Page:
When I think of the great issues that will shape our collective future, I realize that virtually all of these issues are international in scope. The overwhelming issue of sustainability—an issue which includes global warming, environmental justice and global inequality—is obviously an international issue. While we often think of America’s controversy over immigration as a domestic issue, we cannot begin to understand immigration unless we see its international dimension.
We Unitarian Universalists have a long history of speaking out on the vital moral issues of our day. Our core principles that affirm human dignity, peace, democracy, peace and the interconnection of all life call us into the public arena.
One of the places where we UUs have long had a voice is at the United Nations. This week I will attend a celebration of the 50th anniversary of the Unitarian Universalist United Nations Office (UU-UNO).
We will also be celebrating the re-integration of the UU-UNO into the UUA. For a number of years our office at the United Nations existed as a separate nonprofit organization. Both organizations saw the benefit of integrating our international voice at the UN with our overall public witness efforts. Last fall we completed the legal and organizational merger.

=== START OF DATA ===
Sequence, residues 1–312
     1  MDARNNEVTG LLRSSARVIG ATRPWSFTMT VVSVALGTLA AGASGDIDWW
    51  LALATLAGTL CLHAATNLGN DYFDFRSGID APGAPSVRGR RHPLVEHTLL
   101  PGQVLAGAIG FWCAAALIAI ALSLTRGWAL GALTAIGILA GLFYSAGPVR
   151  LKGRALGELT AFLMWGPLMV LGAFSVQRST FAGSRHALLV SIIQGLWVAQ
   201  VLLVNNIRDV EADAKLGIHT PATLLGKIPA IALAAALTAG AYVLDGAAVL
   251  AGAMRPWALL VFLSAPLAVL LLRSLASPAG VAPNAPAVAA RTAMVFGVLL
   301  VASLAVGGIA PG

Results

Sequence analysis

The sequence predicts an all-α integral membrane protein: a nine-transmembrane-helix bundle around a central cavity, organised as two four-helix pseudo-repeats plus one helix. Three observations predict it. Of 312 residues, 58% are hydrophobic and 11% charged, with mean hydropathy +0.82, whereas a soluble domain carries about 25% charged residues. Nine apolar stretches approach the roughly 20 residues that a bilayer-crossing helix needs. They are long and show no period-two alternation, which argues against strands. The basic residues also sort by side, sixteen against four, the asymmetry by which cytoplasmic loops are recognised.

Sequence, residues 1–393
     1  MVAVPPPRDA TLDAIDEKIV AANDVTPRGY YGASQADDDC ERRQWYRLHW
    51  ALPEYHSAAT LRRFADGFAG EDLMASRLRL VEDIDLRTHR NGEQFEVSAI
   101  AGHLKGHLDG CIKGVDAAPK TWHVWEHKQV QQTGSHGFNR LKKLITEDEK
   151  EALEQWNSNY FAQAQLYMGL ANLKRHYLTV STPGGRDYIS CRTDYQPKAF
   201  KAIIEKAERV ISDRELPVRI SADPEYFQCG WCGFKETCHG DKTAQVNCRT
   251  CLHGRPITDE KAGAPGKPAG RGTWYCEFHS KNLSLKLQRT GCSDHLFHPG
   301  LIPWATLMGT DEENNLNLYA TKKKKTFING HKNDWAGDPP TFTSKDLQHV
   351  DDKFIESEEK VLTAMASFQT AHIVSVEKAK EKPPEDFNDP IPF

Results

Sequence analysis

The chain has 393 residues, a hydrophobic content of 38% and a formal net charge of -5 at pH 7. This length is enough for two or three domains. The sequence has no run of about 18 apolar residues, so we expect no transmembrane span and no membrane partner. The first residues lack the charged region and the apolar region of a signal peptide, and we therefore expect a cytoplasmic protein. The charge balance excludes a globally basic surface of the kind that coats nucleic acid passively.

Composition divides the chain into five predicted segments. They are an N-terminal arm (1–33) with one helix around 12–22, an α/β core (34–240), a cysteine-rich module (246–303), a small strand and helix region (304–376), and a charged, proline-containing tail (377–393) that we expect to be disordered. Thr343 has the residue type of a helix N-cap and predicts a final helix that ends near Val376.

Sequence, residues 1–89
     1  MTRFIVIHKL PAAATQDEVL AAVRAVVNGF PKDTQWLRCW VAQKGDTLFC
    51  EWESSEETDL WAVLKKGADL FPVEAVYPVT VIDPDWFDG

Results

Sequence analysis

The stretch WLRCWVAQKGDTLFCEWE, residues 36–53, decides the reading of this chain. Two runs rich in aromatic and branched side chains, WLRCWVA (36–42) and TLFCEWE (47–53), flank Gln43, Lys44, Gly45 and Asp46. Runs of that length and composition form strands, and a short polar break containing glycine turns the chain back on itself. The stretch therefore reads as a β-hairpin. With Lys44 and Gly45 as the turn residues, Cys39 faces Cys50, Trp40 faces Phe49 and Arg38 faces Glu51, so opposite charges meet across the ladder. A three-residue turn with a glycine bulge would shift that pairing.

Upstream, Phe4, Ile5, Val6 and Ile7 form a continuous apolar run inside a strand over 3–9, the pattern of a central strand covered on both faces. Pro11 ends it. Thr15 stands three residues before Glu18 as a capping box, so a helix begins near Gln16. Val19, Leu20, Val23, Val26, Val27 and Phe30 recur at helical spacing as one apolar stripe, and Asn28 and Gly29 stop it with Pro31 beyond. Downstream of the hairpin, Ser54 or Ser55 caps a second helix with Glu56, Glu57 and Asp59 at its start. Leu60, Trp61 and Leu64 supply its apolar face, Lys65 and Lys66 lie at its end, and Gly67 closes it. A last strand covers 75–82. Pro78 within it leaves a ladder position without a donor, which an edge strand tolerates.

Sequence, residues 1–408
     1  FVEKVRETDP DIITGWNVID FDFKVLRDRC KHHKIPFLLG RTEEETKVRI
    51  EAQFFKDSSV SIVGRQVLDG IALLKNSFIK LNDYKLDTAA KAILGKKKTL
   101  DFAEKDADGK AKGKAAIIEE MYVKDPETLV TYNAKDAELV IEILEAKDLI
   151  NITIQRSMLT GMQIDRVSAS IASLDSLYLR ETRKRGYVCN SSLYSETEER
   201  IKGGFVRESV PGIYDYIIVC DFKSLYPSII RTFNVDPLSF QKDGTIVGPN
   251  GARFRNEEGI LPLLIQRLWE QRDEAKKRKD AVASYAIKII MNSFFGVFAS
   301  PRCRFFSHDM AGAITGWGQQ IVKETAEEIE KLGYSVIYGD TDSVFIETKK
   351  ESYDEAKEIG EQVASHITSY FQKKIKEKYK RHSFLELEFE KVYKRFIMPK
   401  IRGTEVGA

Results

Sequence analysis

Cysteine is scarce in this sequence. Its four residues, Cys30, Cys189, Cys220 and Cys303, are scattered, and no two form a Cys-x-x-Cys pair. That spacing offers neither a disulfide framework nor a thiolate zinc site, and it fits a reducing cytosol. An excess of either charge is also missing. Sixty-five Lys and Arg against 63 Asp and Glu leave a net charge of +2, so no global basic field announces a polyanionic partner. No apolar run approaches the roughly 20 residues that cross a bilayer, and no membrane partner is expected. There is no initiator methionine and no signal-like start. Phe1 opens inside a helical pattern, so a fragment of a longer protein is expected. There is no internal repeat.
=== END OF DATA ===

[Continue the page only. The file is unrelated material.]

Our office at the UN has been a leader in advocating for the rights of LGBT people in the world. We are also a religious voice for the equal treatment of women and the rights of children.
The coming years are going to bring many opportunities for our religious voice to be heard. We can, I believe, play an important role in bringing together the voices of other religious traditions. I am proud and grateful that we have a voice at the UN.
We can do so much together that we cannot do alone. Giving our values a voice in the international arena is one way our UUA speaks for us all.